Sandle: How is the influenza vaccine likely to develop in the future?

 

Dr. Webby: In the longer term, it’s likely that we will change what parts of the virus we vaccinate against. The part we target now is the most protective, but is also the part most likely to change. It is hoped that by targeting a different part of the virus that doesn’t change as frequently, that we will won’t need to update the vaccine as often.

 

Sandle: Are there any obstacles towards developing a more effective flu vaccine?

 

Dr. Webby: Unfortunately, there are many. We still don’t completely understand what type of immunity works the best against the virus. Many of the more conserved virus structures we’d like to target are the hardest to induce immunity against, so it will take a lot of work to improve this aspect.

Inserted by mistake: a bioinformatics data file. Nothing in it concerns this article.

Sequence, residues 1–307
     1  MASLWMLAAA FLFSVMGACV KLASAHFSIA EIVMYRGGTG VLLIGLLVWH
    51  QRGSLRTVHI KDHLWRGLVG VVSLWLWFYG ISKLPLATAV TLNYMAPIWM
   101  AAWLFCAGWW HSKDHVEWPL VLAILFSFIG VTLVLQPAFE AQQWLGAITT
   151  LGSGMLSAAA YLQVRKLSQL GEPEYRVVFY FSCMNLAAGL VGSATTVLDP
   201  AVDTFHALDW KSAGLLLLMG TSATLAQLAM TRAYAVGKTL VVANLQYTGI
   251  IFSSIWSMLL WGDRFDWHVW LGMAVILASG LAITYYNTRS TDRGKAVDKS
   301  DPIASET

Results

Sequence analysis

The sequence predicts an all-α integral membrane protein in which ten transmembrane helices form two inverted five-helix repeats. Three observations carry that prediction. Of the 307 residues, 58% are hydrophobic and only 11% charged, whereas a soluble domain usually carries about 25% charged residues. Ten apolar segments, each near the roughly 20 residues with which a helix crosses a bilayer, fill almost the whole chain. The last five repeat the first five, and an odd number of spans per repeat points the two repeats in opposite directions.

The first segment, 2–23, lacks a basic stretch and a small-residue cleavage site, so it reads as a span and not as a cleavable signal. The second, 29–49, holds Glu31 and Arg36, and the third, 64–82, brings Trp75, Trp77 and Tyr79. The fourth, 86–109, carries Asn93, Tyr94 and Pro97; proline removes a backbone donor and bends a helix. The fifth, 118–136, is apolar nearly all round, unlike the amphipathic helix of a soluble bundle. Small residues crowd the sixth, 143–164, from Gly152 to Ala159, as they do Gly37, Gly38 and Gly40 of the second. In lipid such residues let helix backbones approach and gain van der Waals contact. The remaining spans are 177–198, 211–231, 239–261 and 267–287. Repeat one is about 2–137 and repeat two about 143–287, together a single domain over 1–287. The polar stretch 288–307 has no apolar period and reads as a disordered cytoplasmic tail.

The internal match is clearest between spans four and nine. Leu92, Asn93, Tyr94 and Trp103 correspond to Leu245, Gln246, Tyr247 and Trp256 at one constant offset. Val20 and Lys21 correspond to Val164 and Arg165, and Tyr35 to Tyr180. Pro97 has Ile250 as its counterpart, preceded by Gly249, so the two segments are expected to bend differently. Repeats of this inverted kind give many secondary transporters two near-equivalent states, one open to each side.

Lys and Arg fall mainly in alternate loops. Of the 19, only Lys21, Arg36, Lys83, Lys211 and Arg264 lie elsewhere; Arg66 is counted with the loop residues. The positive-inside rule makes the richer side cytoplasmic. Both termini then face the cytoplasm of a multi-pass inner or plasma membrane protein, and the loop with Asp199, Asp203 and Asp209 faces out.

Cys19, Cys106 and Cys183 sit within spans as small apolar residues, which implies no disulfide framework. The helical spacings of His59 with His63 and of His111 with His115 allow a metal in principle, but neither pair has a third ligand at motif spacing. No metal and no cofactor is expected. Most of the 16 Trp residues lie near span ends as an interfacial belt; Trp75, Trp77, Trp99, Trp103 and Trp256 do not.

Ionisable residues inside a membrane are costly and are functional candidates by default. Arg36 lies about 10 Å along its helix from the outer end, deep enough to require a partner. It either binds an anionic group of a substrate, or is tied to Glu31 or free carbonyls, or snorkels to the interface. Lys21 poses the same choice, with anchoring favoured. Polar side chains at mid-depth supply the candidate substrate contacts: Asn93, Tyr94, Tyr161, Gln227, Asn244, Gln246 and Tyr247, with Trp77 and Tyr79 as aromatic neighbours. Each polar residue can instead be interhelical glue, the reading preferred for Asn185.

Sandle: What are your other research interests?

 

Dr. Webby: We study a number of aspects of influenza virology, particularly as it pertains to how influenza viruses change from being animal viruses to being human viruses. We study influenza viruses in a number of high-risk environments around the world and try to understand the key characteristics of pathogenesis and transmission.

 

References

 

  1. Cayley, W. E. (2019): Vaccines for Preventing Influenza in Healthy Children, Healthy Adults, and Older Adults, Am Fam Physician. 100(3):143-146

 

  1. Denis, J. et al (2008) Development of a universal influenza A vaccine based on the M2e peptide fused to the papaya mosaic virus (PapMV) vaccine platform, Vaccine, Vol. 26 (issue 27): 3395-3403

 

  1. Richard Webby, website: https://www.stjude.org/directory/w/richard-webby.html

This is an example of the content that Pharmig Members have access to – if you would like more information on becoming a Pharmig Member please contact the Pharmig office on Tel: +44 (0) 1920 871 999 or email: info@pharmig.org.uk